Rule of the Dice - The Games That Made Role-Playing Cool

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Release Date: 15/03/2012

If you wanted to paint a portrait of the stereotypical geek, you'd have to include a nod to role-playing games in there somewhere. Along with Star Trek, the stat-based fantasies of the RPG form the basis of society's clichéd view of 'sad geek stuff'. And yet to look at the games charts today, you'd swear that role-playing was the hottest ticket in town.

Skyrim - RPG go big time!

The Skyrim's The Limit

The massive success of Skyrim last year was perhaps the most obvious indicator that RPGs were cool again. Bethesda's vast time-sucking epic is about as nerdy as role-playing gets, filled with magical weapons, skill tree management and all the trolls and dragons you could shake an enchanted mace at, yet it still thundered to the top of the charts and stayed there. Millions bought it, and the acclaim was unanimous from the critical community as well. As 2011 came to a close, Skyrim was over-encumbered and could not run, so full was its backpack with Game of the Year trophies.

Dark Souls - RPGs go dark!

But Skyrim wasn't alone. Vying for hardcore affection at the same time was Dark Souls, the punishingly brilliant third-person RPG by Japanese developer From Software. As foreboding and claustrophobic as Skyrim was empowering and liberating, Dark Souls showed that the genre could take console players to terrifying new places, simply by slowing down the pace, ratcheting up the difficulty and making every swing of your sword count. Few will manage to excavate all of Dark Souls' depths, but for those who make it out the other side alive, the experience will be transforming.

Kingdoms of Amalur: RPGs go regal!

Royal Flush

Had the RPG bandwagon ground to a halt there, it could be written off as a freak occurrence, brought about by anticipation stoked by the five-year wait between Elder Scrolls sequels. But then along came Kingdoms of Amalur: Reckoning, another massive open world fantasy game, stocked with elves and magic and dwarves, and that too raced up the charts.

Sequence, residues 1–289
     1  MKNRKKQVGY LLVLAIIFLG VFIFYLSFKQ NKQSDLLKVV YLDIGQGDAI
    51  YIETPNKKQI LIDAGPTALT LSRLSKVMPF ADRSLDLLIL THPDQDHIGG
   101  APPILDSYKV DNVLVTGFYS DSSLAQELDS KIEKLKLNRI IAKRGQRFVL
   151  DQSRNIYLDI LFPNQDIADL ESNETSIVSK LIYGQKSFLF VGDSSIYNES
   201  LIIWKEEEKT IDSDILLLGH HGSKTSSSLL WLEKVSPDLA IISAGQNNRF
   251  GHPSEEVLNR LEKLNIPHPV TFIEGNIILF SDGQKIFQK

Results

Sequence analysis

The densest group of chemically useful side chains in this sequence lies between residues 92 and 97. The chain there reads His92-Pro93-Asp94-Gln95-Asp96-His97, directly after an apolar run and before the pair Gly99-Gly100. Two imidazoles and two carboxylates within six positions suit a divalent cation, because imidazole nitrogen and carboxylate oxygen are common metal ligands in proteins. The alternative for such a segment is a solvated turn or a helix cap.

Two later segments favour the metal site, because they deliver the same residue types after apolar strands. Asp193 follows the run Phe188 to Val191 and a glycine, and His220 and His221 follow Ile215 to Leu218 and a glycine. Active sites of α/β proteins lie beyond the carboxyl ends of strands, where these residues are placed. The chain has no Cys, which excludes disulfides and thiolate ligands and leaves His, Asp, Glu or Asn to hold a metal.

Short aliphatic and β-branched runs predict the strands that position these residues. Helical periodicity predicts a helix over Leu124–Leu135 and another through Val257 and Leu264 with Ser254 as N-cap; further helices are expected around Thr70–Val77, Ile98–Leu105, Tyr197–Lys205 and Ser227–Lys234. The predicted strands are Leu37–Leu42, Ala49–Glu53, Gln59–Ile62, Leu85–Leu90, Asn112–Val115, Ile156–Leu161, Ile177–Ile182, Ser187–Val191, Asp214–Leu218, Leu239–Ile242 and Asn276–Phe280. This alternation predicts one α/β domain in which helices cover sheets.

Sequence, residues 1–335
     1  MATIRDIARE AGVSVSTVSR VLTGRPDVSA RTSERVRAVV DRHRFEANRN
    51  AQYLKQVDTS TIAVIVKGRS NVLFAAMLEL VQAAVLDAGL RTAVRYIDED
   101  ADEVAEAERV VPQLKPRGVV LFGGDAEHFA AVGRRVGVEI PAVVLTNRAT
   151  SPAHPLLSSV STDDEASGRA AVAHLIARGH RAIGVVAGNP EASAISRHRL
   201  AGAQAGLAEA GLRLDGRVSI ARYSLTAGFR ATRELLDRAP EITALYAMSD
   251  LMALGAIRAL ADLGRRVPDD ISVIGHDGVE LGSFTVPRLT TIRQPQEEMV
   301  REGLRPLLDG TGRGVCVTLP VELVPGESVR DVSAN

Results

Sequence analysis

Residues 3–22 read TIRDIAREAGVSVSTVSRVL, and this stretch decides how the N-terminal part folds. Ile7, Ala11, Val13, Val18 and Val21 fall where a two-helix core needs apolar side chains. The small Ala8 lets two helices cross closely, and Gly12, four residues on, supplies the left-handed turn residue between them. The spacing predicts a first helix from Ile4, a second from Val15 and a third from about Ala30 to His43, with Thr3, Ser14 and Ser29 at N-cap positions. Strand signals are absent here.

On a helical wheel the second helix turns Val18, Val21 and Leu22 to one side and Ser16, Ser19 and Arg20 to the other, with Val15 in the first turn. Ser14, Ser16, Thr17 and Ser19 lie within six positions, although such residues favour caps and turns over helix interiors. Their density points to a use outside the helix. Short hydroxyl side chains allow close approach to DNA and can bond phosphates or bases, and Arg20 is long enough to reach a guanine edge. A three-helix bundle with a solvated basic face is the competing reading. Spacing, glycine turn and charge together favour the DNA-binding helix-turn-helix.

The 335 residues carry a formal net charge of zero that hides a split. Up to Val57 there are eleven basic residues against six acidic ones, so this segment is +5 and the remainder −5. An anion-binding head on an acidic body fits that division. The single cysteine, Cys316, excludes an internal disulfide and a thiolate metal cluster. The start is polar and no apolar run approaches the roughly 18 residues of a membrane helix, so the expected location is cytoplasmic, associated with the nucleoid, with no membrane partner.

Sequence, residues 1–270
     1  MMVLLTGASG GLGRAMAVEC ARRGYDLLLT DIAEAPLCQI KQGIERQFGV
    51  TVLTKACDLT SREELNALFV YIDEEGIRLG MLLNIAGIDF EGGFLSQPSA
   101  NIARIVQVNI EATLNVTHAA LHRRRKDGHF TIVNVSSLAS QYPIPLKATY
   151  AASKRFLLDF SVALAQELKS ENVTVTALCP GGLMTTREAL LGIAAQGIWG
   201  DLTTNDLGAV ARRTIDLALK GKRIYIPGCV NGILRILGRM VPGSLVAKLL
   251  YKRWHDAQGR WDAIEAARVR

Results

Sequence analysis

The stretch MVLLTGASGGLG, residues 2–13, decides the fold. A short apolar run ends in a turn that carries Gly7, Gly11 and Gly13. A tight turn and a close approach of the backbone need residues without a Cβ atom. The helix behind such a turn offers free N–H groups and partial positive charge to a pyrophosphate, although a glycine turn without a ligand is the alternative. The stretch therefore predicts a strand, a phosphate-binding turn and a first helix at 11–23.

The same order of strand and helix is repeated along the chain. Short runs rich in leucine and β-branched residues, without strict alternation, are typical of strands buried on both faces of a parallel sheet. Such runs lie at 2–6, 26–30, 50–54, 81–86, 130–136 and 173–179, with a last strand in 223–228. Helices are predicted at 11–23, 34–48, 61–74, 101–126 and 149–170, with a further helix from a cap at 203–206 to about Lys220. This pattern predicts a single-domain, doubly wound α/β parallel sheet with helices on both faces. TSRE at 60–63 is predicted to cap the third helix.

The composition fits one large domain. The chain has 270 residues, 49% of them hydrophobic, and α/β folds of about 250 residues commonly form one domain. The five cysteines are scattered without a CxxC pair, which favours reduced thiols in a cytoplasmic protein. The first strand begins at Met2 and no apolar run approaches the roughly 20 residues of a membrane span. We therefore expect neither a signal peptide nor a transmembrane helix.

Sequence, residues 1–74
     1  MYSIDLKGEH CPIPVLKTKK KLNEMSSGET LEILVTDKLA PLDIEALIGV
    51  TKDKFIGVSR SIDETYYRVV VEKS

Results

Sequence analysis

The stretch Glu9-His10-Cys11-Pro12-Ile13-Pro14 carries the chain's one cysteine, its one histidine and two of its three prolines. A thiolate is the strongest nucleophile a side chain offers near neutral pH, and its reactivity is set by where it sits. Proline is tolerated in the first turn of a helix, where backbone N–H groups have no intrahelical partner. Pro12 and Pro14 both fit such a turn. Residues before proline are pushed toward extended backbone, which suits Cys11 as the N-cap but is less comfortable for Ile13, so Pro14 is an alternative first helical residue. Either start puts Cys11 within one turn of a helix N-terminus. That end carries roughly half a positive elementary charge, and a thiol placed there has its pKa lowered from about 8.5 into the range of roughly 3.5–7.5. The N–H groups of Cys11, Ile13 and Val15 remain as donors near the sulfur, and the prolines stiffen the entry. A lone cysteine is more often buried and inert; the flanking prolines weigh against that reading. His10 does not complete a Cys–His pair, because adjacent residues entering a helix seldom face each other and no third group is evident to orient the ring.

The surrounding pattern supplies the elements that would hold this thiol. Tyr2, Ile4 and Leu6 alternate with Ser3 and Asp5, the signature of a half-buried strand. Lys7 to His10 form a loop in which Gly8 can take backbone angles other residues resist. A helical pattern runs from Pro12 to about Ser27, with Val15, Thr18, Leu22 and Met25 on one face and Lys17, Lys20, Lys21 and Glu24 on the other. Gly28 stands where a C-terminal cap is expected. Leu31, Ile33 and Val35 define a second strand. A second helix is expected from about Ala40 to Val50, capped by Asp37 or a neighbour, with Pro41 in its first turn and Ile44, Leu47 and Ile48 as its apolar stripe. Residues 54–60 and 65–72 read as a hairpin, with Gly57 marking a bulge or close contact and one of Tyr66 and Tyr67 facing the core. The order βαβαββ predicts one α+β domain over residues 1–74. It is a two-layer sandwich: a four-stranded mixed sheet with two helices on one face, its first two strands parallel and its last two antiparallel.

With a story by acclaimed fantasy author R.A. Salvatore, and design work from legendary comic artist Todd McFarlane, Kingdoms of Amalur wore its geek credentials on its extravagantly embroidered wizard's sleeve. It may not have achieved the same ubiquity as Skyrim, but the fact it was so successful, so soon after Bethesda's monster smash should have exhausted the available pool of role-playing enthusiasts suggested that the genre could be on the upswing.

So where will this renaissance take us next? Onwards and upwards seems to be the answer.

Witcher 2: Assassins of kings - RPGs go a-hunting monsters

Dungeons and Dragons and Monsters and Pirates and Demons and...

April sees the Xbox 360 release of The Witcher 2: Assassins of Kings, a console remake of the critically acclaimed PC adult role player. Cast as a monster hunter in a complex world governed by prejudice and fear, it's a far cry from the whimsical fare people commonly associate with fantasy gaming.

Had Polish developer CD Projekt simply shunted the Witcher 2 code into an Xbox shape and hurried it to shelves, it wouldn't be a surprise. That it's instead opted to completely rebuild the game for console players, with additional content and a lavish collector's edition, proves that there's a mature market beyond the usual dice-rolling hobbyists for this kind of long-term in-depth gaming experience.

Risen 2 - RPGs go to the sea!

Then in May we'll get Risen 2: Dark Waters, another sequel but one that trades the generic swords and sorcery realms of its predecessor for a saltier tale of pirate folk. Developed by Piranha Bytes, the studio behind hit RPG series Gothic, it promises to be more than a cult hit.

Diablo 3: RPGs go to hell!

We've just learned that May will also be the month that we'll finally get our hands on Diablo 3 from World of Warcraft developer Blizzard. A mere twelve years in the making, this top-down loot-dropping hack and slash RPG dungeon crawl is arguably the most eagerly anticipated PC game of the year.

So what has caused this surge in role-playing fever? Are gamers simply burned out on militaristic first-person shooters and hungry for change? Or is it just that with their lengthy playing times and flexible character progression, RPGs offer more value for money and greater opportunities to define your own gaming experience?

Whatever the reason, role-playing is firmly entrenched as the games industry's next big thing. These may be the games that have made it cool to roll the dice, but they certainly won't be the last.

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